Since then, she has continued to break down barriers, take up space and use her voice for good. This year, she has released a podcast, The Maria Thattil Show, as well as making her acting debut in the reboot of Mother and Son.

Whether it’s a room of 2000 or 20, Thattil knows that true power comes simply from walking through the door. “I would like to see a lot more equality in the rooms where decisions that affect us are being made,” she says. “I want women to not be afraid of taking up space, but empowered to create space.”


Ruva Ngwenya
Ruva Ngwenya.
Photography by Julie Adams. Styling by Emily Gittany. Hair by Graeme Cumming/Vivien’s Creative. Creative Director Juanita Field. Production by Robyn Fay-Perkins.

Stepping into the shoes of your idols is no easy feat. So when Ruva Ngwenya landed the part of the late queen of rock’n’roll in Tina: The Tina Turner Musical, she decided she wasn’t just going to step onto the stage, she would glide.

Captivating audiences with an explosive performance night after night, Ngwenya has done more than tell a story, she’s carried a legacy.

“After Tina passed, it was very emotional. Telling her story felt very scary and quite daunting. We decided to continue to perform in her honour because we knew that is what she wanted. This is the legacy that Tina put in place.”

After catapulting onto the musical theatre scene with her professional debut in The Lion King, it wasn’t long before a string of successes followed, including We Will Rock You, Beautiful: The Carole King Musical, Ragtime and Moulin Rouge! The Musical.

Ngwenya has solidified her spot as one of musical theatre’s most sought-after performers. From theatre to the football field, Ngwenya proved she was every bit as iconic as her on-stage persona after singing to 81,000 people at this year’s NRL grand final, delivering a performance just as electric as Turner’s had been three decades earlier at the 1993 grand final.

A proven triple threat with a strong presence and future in the Australian entertainment industry, the star is also breaking down barriers for performers of diverse backgrounds and showcasing a new and fresh take on what it means to entertain.

“I would love to see my industry normalise diversity not just on stage but in all departments of the crew behind the scenes as well,” says Ngwenya. “We need to break down those barriers of what it means to be a beautiful human. I want to transcend race when I say that and talk about diversity in all its forms.”


Hannah Diviney
Hannah Diviney.
Photography by Julie Adams. Styling by Emily Gittany. Creative Director Juanita Field. Hair by Michael Brennan/The Artist Group. Makeup by Steph Lai/Reload agency Makeup for Rebecca Vallance Noni Smith. Production by Robyn Fay-Perkins.

Hannah Diviney spent her childhood holding out for a hero who looked like her. It wasn’t until two decades later that the 24-year-old, who lives with cerebral palsy, would finally come face-to-face with her long-awaited hero.

“I’ve spent so many years asking for representation and it turned out to be me. I was looking for the face I’ve always had,” says the powerhouse disability advocate, actor and author of I’ll Let Myself In.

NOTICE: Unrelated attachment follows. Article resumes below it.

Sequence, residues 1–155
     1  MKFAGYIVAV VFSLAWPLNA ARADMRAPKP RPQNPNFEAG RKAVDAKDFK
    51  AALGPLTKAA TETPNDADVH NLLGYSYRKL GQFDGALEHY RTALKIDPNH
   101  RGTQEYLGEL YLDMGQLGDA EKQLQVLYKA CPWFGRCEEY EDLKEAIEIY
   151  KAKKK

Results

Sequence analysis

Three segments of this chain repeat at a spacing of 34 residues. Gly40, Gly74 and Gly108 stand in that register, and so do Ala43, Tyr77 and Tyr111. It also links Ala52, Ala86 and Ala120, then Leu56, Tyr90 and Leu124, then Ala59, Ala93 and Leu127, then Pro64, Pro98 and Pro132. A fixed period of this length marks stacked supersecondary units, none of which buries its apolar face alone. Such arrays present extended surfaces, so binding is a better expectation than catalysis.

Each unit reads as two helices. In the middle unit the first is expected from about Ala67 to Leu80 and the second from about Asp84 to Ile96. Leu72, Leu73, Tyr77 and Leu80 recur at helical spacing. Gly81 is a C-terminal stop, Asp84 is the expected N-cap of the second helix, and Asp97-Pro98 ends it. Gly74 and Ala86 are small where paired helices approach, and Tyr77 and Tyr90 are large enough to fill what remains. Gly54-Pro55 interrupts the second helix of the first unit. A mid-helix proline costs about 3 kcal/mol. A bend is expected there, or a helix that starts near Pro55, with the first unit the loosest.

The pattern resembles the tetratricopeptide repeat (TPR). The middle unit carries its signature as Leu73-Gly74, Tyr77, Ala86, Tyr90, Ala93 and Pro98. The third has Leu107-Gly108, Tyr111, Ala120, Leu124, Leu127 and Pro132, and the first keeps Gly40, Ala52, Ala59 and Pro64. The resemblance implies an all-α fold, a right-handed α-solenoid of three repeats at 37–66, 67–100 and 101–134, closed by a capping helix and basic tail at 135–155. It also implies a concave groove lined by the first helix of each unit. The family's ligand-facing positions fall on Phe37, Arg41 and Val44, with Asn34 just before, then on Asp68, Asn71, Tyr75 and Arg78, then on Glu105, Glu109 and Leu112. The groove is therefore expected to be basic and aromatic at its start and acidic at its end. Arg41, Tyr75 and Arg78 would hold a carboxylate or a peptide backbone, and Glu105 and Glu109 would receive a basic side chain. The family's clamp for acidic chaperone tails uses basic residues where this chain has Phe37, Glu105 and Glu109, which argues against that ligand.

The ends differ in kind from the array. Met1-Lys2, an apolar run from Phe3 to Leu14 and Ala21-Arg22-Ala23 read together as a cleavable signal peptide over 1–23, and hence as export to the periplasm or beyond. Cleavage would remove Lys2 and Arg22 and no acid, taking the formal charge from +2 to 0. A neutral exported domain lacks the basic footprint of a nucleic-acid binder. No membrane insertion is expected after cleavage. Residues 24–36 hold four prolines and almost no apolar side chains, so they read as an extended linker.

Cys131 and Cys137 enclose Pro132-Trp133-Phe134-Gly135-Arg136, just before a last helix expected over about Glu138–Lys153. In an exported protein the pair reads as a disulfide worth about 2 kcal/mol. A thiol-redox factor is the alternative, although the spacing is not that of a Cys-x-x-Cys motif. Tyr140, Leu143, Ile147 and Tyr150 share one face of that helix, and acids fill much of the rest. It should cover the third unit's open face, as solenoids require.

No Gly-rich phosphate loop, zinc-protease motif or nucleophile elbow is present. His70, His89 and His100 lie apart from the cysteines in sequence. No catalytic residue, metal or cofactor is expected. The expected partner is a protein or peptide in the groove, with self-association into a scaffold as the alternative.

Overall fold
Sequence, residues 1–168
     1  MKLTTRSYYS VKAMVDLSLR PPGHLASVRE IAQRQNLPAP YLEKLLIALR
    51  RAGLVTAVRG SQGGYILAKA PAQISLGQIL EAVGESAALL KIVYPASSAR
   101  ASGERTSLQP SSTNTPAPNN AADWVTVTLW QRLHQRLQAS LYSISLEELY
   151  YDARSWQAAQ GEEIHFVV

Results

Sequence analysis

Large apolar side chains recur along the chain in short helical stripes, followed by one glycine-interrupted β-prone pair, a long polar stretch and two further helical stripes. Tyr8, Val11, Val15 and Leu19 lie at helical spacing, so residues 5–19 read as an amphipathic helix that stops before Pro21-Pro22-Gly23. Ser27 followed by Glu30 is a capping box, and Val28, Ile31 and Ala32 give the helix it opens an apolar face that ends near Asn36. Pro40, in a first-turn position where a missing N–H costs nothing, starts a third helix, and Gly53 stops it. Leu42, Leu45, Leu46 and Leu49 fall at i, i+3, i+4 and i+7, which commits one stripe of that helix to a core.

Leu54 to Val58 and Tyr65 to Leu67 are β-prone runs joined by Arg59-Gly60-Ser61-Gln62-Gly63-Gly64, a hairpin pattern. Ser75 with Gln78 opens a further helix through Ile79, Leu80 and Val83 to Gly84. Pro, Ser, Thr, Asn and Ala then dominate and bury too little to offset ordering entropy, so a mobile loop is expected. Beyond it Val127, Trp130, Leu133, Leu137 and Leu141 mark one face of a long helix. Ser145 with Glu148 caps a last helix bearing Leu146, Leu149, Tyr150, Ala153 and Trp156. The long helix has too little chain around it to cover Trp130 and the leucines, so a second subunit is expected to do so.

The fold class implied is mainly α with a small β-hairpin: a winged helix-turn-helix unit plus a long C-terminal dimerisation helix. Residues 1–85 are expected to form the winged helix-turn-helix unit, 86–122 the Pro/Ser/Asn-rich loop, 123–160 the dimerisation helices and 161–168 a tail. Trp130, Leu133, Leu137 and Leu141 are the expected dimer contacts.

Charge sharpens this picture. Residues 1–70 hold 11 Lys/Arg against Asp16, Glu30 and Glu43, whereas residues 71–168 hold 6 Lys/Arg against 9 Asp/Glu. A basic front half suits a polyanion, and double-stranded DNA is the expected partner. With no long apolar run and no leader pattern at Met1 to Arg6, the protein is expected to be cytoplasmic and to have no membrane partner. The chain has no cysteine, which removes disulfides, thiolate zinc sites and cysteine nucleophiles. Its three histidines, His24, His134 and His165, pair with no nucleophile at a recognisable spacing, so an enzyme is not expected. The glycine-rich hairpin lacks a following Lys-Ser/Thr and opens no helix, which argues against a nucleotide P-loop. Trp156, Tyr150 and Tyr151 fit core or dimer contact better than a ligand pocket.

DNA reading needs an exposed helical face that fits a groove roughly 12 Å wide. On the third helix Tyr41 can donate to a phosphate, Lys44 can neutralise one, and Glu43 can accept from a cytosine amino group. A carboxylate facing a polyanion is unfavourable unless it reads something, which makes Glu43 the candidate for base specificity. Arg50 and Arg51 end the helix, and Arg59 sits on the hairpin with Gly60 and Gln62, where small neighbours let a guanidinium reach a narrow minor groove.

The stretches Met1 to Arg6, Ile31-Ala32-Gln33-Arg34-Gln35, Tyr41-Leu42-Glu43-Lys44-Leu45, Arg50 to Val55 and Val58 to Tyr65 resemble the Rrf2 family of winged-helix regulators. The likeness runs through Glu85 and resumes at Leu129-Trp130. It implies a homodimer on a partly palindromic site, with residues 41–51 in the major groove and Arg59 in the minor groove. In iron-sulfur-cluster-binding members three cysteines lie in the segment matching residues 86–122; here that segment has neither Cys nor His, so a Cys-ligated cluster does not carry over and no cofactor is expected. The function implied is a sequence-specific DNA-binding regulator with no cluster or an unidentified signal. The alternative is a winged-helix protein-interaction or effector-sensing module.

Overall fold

Since calling out American superstar Lizzo for using an ableist slur in her song in 2022, Diviney has ignited a global campaign calling for a disabled Disney princess, and also become the first woman with a disability to film a sex scene for Australian TV, in the comedy Latecomers.

When she isn’t breaking down doors and smashing ceilings for the betterment of womankind, Diviney is driving her media company, Missing Perspectives, as editor-in-chief, speaking at international panels organised by Hillary Clinton and sitting on the youth committee of the Global Institute for Women’s Leadership (led by her friend and fellow Young Women of the Year winner, Chanel Contos).

“The actual day-to-day work can at times feel like you’re pushing a boulder up a hill,” she says. “To know that it is actually making a difference and that people are paying attention and taking notice really inspires


Megan Davis
Professor Megan Davis.
Photography by Hugh Stewart.

One of five children raised in housing commission by her single mother, Professor Megan Davis – whose mother is white and whose father is Indigenous – has grown up wanting to give a voice to the voiceless.

It drove her to become an international human rights lawyer, to sit on the UN council, to help create 2017’s Uluru Statement From The Heart and to push to establish a First Nations Voice enshrined in the Constitution in this year’s referendum.

Davis tells marie claire, “I am proud of the 6 million Australians who voted Yes. I am proud of the 6 million Australians who accepted the invitation of our old people to walk with us in a movement of the Australian people for a better future.

I am proud that for the first time since 1788 we now know that 6 million Australians support First Nations aspirations for rights and justice. It’s a profound bond that was forged on the 14th October, 2023, even if it was in defeat.”

And in the face of defeat, the proud Cobble Cobble and South Sea Islander woman still looks towards the future with hope.

“Our work continues as the Uluru Dialogue. We intend to engage and galvanise the support of 6 million Australians and plan for the future. Many First Nations people are saying reconciliation is dead as a framework that never equipped Australians with an understanding of structural inequality. A conversation needs to be had with Aussies about what the appropriate lens is moving forward together as Aussies.”


Made up stories
Bruna Papandrea and Jodi Matterson of Made up Stories.
Photography by Hugh Stewart.